Qurantine Tank: You may find that it is only appropriate to treat a single fish with an antibiotic regiment and simply provide better water conditions in the main tank along with a milder treatment. This prevents unnecessary stress on fish that are unaffected.
NOTE: More often than not, diseases will be present in the entire water column and it is therefore advisable to dose the entire tank.
Bleach or disinfecting solution: Anything that touches the infected tank has the possibility of infecting other tanks or affecting you, the fish- keeper. Therefore, have a diluted 1:10 bleach solution on hand to disinfect anything that you plan to use on another tank. Bleach can be rinsed off and then left in the sun to dry. You may also try hydrogen peroxide or rubbing alcohols (I would avoid these).
Ammonia pads: Some antibiotics will negatively impact your biological filter. You may see large increases in ammonia and nitrites tanking place further stressing your fish and diminishing your chances of success. Therefore, if you water parameters begin to deteriorate, I suggest adding an ammonia remover to maintain your parameters.
Bacterial booster: Once your treatment is complete, you may find that you'll be cycling the tank all over again especially if the antibiotic wiped out your colony of good bacteria. Adding a bacterial booster will help you rebuild your good bacteria and maintain water quality. This will be especially important if you keep high-bioload fish.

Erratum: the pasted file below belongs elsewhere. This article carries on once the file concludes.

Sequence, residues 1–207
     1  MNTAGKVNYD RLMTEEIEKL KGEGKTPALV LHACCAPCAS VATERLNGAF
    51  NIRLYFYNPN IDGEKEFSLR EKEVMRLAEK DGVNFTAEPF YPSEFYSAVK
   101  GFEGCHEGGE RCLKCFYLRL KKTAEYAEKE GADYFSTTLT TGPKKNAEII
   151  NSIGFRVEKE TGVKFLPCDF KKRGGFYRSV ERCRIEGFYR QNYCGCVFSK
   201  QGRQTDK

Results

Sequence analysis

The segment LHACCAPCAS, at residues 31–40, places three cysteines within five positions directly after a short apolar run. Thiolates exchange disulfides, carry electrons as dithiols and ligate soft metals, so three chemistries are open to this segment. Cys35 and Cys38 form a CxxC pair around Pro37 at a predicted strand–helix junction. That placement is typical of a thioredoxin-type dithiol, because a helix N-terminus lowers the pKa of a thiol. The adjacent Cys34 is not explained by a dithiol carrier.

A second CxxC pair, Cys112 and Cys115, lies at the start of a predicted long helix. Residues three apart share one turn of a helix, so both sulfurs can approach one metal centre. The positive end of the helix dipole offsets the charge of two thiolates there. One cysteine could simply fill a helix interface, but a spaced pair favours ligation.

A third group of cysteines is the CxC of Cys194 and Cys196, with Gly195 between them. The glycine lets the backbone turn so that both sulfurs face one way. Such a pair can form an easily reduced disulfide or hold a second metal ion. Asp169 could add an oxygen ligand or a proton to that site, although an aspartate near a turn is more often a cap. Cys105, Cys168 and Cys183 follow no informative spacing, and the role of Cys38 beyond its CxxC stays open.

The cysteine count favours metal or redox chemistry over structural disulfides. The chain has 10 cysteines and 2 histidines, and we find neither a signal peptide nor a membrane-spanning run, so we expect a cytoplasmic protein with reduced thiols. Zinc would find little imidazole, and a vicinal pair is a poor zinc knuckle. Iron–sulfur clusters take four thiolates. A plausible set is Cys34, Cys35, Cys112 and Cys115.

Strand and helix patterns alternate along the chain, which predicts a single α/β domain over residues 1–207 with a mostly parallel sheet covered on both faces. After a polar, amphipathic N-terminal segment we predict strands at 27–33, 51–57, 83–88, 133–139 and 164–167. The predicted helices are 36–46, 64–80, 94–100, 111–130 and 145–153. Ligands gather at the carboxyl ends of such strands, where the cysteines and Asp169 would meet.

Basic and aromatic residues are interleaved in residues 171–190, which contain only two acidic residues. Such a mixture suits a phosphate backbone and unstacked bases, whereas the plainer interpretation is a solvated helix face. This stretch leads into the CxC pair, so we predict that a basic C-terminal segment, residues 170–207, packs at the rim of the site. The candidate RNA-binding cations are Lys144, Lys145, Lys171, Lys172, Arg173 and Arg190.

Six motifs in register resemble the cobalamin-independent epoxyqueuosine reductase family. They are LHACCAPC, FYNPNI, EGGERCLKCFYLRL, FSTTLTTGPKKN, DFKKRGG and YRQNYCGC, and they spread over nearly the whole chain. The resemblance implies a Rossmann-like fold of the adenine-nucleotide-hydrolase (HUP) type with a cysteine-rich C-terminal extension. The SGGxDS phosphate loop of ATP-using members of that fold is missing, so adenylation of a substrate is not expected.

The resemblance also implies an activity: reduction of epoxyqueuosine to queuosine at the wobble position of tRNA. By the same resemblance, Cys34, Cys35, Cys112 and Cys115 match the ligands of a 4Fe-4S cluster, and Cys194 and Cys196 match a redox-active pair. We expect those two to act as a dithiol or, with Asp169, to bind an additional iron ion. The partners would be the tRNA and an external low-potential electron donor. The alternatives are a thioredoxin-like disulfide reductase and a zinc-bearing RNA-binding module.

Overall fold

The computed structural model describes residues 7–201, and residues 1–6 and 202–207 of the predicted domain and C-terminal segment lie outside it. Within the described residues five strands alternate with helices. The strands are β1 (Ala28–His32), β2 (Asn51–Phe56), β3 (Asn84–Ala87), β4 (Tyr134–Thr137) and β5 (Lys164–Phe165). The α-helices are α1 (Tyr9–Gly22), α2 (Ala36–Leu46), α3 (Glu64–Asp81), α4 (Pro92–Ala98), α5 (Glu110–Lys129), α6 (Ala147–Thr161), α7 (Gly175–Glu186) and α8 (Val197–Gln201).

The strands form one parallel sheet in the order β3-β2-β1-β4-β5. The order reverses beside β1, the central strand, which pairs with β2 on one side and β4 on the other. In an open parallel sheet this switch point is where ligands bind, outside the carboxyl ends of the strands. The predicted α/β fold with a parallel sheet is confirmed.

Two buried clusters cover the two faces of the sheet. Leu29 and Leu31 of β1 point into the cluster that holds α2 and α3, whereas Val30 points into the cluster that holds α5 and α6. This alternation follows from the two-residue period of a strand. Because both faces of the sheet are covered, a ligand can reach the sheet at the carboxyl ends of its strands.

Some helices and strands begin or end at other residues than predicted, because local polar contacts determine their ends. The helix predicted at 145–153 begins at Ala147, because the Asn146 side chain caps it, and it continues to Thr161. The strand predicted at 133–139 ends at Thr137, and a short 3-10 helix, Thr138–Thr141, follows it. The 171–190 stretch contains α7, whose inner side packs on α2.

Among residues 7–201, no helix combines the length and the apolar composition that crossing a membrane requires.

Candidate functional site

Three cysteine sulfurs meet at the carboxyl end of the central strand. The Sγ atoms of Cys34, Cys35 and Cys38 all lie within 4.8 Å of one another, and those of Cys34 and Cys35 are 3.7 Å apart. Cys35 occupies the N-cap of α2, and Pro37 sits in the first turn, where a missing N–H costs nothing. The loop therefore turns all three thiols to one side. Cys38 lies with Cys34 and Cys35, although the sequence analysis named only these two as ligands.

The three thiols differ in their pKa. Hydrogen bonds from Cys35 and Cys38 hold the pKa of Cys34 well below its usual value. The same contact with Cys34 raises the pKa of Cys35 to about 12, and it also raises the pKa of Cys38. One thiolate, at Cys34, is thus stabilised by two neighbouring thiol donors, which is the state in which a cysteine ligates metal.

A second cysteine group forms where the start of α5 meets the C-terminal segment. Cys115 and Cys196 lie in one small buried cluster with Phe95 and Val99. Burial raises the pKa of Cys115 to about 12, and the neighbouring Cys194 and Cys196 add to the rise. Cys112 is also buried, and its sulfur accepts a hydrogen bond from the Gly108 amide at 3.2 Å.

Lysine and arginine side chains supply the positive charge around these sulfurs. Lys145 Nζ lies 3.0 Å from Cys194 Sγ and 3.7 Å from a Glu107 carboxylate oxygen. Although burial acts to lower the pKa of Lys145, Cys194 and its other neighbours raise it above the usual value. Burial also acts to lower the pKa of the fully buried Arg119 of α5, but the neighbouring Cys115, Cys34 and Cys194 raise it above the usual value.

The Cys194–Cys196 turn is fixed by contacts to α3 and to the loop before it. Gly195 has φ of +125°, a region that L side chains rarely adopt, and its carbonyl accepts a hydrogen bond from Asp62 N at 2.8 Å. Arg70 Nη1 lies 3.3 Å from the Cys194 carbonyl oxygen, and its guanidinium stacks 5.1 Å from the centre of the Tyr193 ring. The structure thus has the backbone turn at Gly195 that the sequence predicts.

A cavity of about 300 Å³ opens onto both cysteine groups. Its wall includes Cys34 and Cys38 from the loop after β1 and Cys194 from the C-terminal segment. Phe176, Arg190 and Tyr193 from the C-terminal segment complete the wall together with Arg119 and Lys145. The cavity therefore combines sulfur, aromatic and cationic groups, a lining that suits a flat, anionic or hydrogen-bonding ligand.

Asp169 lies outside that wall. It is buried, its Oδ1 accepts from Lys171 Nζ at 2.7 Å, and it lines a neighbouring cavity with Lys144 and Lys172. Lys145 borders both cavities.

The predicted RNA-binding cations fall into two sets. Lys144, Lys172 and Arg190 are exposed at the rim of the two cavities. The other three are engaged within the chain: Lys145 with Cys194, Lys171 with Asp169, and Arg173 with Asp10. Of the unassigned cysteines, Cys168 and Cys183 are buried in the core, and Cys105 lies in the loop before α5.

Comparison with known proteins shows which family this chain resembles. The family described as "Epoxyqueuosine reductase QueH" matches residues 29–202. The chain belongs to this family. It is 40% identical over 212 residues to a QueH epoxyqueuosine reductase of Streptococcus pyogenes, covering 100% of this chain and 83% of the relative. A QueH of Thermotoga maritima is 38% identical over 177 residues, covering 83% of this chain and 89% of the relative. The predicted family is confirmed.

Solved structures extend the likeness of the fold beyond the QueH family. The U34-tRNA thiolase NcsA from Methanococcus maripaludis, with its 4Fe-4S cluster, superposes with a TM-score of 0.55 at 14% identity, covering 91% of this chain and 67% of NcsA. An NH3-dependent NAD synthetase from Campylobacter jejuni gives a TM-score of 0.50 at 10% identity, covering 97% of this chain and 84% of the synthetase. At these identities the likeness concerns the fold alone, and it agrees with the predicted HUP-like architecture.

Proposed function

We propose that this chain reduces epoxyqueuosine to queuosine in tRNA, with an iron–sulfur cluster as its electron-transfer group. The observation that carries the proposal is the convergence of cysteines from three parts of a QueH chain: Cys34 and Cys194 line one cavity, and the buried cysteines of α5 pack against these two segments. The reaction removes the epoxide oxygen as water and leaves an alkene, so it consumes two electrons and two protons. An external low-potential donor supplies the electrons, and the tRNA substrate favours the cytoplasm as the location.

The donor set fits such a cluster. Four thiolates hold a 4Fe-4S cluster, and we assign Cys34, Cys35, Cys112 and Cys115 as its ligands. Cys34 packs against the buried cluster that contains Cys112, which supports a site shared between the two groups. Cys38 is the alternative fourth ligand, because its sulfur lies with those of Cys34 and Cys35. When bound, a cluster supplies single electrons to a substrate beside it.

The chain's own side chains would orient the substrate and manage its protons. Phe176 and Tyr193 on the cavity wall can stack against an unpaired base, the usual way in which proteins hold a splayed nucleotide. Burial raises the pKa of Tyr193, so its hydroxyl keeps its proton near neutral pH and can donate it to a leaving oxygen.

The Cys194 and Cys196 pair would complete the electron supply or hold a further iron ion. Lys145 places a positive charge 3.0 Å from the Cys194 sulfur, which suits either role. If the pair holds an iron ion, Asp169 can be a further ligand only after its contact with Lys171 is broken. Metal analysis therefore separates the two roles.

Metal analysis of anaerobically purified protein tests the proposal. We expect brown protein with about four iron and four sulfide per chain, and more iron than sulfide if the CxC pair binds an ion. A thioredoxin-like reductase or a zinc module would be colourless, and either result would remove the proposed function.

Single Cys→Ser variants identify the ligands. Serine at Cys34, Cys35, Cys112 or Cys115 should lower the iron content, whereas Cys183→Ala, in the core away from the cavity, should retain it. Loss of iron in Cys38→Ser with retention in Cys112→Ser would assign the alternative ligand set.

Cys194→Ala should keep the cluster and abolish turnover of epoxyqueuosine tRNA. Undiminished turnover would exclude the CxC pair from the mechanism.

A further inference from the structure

A good gravel vacuum: Maintaining water quality during treatment is essential. Most bacteria will thrive off of fish wastes or uneaten foods. Keeping a clean substrate will help you fight the infection and remove a good number of pathogens in the process.
Aquarium salt: Most pathogens will not do as well in slightly salty conditions as they will in pure freshwater conditions. Salt has been claimed to reduce stress in fish, support gill function and allow for better osmo-regulation. It can be used some cases with the recommended dosage. It is not filtered out and need only be added when new water enters the system. Salt should be added slowly over the course of a day so as not to shock your fish or the biological filter.
NOTE: It is your responsibility to ensure that your fish will not suffer from increased salinity.
Your Antibiotic of educated choice: Obviously you will need the antibiotics with which you'll treat your fish. Follow the directions closely and do not make any deviations unless it is absolutely necessary. You may find that a repeated dose is necessary.